Dr. Stephen Russell, a professor of molecular medicine, said the experiment provides some evidence that viral therapy can kill cancer.
"It's a landmark," Russell said to the Star Tribune. "We've known for a long time that we can give a virus intravenously and destroy metastatic cancer in mine. Nobody's shown that you can do that in people before [now]."
Erholtz had battled multiple myeloma for a decade – an incurable cancer of the blood. A video on Erholtz's story is attached to this post. Erholtz had been subjected to every known chemotherapy drug and under gone two stem cell transplants – but none of the treatments worked for any length of time.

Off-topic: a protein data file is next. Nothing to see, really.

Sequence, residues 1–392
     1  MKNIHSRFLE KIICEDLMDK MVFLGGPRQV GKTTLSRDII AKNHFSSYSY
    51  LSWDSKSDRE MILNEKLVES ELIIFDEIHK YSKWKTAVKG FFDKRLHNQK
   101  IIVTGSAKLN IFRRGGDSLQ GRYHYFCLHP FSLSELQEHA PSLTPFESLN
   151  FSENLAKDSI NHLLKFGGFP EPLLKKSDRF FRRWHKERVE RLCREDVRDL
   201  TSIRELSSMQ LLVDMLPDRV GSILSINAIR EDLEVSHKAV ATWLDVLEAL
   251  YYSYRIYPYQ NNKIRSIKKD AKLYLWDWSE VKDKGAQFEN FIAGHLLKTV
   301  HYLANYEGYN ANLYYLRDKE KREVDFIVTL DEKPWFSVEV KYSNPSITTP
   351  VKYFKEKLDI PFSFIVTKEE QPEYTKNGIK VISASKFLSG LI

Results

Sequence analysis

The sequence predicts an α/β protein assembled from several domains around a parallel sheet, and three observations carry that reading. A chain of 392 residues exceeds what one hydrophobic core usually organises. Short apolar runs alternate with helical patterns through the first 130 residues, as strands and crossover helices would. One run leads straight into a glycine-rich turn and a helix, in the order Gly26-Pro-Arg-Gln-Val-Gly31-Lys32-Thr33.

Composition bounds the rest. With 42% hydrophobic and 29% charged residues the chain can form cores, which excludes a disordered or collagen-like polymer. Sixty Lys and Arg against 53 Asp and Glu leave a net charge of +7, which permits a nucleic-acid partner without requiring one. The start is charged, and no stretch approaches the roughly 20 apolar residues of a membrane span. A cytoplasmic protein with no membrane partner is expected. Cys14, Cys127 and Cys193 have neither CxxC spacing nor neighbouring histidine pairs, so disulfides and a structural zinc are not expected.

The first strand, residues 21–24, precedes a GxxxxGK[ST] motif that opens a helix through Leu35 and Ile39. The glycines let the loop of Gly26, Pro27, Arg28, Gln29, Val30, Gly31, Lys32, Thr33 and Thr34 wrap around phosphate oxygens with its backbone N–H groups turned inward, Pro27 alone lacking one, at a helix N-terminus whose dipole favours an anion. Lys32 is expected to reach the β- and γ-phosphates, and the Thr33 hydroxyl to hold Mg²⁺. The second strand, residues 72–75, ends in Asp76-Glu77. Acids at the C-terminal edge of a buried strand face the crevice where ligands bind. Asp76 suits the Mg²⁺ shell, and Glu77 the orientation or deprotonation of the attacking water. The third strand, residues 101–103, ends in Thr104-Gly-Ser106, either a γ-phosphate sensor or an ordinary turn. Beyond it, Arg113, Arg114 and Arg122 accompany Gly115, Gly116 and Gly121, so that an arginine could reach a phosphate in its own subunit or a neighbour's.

"It's a very simple concept," Russell said. "Virus naturally come into the body and destroy tissue."
More than six months after the treatment, Erholtz remains cancer free.
"I think it's just remarkable," Erholtz said. "Who would have thought?"
The measles virus, apparently, gets cancer cells to join together and explode, the Mayo Clinic video states. Doctors also believe the treatment might stimulate the patient's immunity system to better identify and fight the cancer cells.
The strain of measles used is the same used in vaccinations.
"We recently have begun thinking about the idea of a single shot cure for cancer," Russell said. "And that is our goal with this therapy."